Medication is essential for treating and managing postnatal psychosis. Different medications may be used including:
- antipsychotics – assist with both manic symptoms and psychotic symptoms (delusions or hallucinations); these are essential in the first instance
- mood stabilisers – used to stabilise mood and help to reduce the likelihood of relapse
- antidepressants – may also be used to reduce depressive symptoms which are part of a depressive psychosis.
If your psychiatrist prescribes mood stabilisers or antipsychotic medications (such as sodium valproate [Epilim], clozapine or lithium), make sure you talk through the benefits, risks and potential side-effects. Some medications should be avoided or used with caution if you’re breastfeeding.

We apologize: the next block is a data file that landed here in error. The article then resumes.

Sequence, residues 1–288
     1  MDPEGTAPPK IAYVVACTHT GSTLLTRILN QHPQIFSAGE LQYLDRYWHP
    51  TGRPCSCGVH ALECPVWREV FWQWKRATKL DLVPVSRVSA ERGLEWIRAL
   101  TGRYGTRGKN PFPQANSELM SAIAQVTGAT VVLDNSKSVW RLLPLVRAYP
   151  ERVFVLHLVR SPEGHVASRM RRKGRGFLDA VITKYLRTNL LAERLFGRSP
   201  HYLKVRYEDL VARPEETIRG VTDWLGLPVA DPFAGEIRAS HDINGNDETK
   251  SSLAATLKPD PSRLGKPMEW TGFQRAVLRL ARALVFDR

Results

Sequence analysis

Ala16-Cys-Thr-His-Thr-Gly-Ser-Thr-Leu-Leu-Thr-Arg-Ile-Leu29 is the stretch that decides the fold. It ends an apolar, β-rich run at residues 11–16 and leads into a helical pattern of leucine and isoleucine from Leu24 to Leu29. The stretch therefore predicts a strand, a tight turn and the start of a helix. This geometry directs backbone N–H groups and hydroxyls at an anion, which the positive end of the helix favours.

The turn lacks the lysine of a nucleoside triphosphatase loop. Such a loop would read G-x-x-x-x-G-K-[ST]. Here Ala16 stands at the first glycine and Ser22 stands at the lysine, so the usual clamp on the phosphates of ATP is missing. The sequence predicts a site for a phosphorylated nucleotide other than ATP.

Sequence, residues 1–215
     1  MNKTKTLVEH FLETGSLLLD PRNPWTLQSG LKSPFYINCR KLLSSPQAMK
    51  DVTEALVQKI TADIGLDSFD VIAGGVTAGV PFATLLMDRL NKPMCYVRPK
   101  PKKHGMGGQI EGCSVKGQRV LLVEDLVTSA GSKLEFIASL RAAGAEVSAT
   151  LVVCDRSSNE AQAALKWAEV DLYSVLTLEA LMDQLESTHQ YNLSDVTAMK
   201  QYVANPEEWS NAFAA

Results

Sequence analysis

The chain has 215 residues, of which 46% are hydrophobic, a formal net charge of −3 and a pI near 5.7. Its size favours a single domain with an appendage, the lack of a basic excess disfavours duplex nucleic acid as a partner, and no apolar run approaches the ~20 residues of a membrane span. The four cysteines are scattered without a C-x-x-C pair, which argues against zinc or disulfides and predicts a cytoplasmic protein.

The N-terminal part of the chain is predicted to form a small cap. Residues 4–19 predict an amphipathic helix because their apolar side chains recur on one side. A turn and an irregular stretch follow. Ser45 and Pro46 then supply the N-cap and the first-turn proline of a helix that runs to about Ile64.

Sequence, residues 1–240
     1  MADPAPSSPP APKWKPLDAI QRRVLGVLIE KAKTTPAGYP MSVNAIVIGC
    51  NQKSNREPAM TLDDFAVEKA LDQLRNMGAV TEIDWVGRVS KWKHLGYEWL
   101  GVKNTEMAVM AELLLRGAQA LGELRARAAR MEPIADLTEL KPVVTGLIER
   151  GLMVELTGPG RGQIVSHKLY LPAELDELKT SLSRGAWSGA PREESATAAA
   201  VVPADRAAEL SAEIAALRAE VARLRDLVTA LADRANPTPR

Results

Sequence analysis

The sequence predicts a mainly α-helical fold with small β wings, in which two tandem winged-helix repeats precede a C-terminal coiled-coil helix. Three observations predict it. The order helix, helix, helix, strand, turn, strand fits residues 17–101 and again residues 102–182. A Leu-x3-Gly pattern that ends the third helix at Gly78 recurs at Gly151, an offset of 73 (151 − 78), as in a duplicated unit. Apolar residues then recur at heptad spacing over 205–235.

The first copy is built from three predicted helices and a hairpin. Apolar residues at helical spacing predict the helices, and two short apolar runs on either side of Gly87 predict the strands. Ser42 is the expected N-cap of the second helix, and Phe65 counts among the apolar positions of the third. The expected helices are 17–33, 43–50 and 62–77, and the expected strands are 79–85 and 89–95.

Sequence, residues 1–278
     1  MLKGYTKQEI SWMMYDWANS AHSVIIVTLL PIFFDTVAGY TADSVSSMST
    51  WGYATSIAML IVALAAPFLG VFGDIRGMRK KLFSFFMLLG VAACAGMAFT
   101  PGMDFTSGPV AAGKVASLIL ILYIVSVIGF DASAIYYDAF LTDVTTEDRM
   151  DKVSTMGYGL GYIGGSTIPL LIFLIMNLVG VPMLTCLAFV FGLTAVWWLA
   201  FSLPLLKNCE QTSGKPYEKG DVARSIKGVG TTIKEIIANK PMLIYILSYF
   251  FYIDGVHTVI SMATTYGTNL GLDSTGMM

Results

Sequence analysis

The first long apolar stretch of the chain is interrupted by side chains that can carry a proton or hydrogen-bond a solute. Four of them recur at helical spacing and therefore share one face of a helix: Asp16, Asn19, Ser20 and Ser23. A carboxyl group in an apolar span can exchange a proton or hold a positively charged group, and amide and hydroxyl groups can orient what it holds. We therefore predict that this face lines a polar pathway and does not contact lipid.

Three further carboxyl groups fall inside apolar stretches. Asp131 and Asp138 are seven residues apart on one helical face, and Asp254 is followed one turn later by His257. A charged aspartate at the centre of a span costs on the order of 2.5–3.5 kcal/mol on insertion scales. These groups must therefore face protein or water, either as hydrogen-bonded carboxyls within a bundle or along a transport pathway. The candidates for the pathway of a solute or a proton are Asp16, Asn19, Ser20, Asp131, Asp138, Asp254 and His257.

If you’ve been treated for postnatal psychosis, it’s important to discuss and review medication if you’re planning to get pregnant, during pregnancy and following the birth. Folate supplements are important if you’re taking mood stabilising medications while trying to conceive and in the first trimester of pregnancy (to reduce the small increased risk of birth defects with these medications).
You should always seek advice from a psychiatrist before changing or stopping medication. The decision to stop taking medication should be made in consultation with your psychiatrist, and always as a gradual process – you should never stop suddenly.